The McKinley Railway track design is very complicated. To further muddy the waters, half of the two double track mainlines are on the lower, hidden level, and thus cannot be seen by operators.
So having humans’ manually control trains on the mainlines was never a viable option, and it was long envisaged that a computer would be needed for this part of the McKinley operations.
To get a flavour of the complexities involved, just consider a northbound journey from London Kings Park to Birmingham.
The following turnouts to be Thrown are: Nos 401, 217, 203, 204, 408, 406 and 424
The following turnouts to be Closed are: Nos 205, 201, 202
In addition, around 25 signals would have to be set to green and then reset to red once the train has passed.
Even for an experienced operator who is used to Digitrax throttles and is familiar with the McKinley trackplan that would be a lot of buttons to press without ever getting one in the wrong order.
Boredom, if not total confusion, could easily set in if a similar set of actions was needed for each journey. And remember; there are many journeys with different routing options to deal with, and the example given between London and Birmingham is a relatively straightforward one.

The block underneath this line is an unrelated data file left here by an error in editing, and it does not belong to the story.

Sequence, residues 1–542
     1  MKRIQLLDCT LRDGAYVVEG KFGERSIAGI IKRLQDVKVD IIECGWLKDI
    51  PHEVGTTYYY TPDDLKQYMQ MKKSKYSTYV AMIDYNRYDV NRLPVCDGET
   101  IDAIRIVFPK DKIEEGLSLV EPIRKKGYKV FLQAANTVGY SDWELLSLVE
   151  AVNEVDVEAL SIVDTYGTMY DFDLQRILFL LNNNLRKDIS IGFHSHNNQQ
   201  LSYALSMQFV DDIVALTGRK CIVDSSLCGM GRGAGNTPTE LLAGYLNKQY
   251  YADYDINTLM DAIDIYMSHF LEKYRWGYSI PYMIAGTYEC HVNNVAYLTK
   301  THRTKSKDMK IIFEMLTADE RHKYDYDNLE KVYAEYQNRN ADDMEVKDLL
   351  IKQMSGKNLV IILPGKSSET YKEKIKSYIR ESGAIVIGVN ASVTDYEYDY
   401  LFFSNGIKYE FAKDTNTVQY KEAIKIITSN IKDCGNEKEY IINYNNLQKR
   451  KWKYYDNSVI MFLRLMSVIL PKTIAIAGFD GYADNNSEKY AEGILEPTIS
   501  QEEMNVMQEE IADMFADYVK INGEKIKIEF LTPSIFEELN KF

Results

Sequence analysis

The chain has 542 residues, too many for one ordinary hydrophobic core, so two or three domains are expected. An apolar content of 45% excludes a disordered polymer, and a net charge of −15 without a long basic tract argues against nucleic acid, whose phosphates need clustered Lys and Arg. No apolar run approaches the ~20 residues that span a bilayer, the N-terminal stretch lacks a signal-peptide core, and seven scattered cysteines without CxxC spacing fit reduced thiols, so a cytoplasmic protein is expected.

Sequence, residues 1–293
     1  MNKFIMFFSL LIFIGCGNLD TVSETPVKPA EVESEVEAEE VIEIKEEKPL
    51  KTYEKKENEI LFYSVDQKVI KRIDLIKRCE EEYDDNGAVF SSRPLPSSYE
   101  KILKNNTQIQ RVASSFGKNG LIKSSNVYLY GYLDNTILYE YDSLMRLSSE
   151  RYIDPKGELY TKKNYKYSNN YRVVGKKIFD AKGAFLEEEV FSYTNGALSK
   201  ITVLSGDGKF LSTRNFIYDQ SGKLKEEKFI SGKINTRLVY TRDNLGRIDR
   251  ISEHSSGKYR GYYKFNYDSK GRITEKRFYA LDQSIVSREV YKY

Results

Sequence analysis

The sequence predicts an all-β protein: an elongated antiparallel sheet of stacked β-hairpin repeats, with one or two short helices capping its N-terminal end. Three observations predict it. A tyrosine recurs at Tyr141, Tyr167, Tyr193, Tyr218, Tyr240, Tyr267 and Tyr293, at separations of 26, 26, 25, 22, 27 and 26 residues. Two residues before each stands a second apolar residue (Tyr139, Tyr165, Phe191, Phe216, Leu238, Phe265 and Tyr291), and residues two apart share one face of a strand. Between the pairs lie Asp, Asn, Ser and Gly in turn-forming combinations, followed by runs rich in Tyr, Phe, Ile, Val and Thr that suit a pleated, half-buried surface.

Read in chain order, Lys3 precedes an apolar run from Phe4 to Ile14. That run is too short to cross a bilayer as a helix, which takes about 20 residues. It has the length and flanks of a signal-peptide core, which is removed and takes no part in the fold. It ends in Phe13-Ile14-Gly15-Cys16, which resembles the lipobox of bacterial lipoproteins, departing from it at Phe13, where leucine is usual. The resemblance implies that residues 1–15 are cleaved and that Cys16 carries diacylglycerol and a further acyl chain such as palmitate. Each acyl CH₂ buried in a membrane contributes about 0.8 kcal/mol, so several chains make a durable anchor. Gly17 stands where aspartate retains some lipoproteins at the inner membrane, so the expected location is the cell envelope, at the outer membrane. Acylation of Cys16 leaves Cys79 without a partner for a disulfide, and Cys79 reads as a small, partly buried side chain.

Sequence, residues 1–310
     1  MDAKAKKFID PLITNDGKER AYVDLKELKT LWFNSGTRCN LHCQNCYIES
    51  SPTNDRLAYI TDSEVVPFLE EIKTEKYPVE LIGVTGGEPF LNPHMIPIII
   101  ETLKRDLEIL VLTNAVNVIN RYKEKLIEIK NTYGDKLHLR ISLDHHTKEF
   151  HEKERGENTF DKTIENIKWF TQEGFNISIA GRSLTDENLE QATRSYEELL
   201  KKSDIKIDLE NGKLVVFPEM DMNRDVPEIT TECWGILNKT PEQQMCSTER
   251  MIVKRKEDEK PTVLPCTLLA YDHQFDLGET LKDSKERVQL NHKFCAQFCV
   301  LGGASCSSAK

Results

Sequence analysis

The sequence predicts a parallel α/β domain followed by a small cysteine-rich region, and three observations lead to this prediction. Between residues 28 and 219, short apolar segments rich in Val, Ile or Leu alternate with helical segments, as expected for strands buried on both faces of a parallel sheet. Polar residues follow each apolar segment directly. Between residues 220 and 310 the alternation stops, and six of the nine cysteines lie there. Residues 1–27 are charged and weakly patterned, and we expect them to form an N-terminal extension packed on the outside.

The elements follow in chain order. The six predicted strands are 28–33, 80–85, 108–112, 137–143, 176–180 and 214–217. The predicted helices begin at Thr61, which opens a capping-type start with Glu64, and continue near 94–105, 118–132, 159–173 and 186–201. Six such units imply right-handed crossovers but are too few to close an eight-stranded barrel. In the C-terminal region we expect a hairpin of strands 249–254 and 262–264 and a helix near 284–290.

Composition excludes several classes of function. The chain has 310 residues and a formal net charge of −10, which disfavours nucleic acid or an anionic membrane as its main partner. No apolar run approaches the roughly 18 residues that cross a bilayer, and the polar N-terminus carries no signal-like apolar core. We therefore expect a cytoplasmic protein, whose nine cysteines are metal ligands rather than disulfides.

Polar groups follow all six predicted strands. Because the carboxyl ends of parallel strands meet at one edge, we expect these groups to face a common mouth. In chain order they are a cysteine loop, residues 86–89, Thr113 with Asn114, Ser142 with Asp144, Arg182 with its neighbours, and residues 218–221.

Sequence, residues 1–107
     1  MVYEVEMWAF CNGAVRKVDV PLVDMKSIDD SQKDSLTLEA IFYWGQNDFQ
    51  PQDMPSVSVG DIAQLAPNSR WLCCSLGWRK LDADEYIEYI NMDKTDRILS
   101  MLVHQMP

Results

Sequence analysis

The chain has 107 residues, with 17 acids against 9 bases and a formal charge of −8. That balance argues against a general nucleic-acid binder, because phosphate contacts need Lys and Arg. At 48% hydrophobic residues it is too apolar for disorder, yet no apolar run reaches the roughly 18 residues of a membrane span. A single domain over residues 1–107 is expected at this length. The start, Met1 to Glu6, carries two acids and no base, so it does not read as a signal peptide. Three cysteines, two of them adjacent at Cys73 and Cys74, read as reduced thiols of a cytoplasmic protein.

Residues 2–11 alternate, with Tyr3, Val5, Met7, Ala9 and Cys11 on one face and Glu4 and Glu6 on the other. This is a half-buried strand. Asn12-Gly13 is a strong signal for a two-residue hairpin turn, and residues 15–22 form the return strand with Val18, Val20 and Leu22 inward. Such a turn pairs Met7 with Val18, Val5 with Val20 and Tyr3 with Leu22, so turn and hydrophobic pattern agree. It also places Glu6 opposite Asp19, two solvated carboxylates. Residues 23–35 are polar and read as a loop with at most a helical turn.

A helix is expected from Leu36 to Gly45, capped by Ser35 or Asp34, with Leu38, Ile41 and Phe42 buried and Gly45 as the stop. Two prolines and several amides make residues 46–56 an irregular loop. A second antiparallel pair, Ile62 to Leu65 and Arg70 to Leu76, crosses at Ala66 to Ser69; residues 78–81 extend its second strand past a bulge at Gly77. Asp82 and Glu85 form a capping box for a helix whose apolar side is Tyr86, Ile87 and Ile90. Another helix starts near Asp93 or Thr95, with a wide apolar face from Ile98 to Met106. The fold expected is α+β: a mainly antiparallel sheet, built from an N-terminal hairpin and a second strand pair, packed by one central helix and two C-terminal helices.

This is where the beauty of Train Controller comes into play. All the information mentioned above is entered into the software and saved as a schedule. Whenever the layout controller wants to send a train on the example journey all he has to do is press two buttons which fires off the appropriate preset schedule.
The pre-prepared schedule for a train to run from London to Birmingham
When the London station manager has completed the tasks associated with the preparation of the train which will be used on this schedule he passes control of the train over to Train Controller. This allows the train to depart on its journey to Birmingham. All point and signal changes plus the management of five conflicting routes (which may contain other trains on other journeys at the same time), are executed in a safe and reliable manner. Job done!
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